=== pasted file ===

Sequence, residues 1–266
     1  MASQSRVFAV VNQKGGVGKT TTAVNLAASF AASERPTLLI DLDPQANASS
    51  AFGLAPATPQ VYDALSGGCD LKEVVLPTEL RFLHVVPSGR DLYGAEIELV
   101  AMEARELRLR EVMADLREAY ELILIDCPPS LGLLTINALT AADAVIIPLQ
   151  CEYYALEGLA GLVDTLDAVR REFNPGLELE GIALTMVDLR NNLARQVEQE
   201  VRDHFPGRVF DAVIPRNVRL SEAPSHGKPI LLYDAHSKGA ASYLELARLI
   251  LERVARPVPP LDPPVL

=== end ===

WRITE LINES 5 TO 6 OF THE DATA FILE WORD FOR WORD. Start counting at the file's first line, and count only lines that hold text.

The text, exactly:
   151  CEYYALEGLA GLVDTLDAVR REFNPGLELE GIALTMVDLR NNLARQVEQE
   201  VRDHFPGRVF DAVIPRNVRL SEAPSHGKPI LLYDAHSKGA ASYLELARLI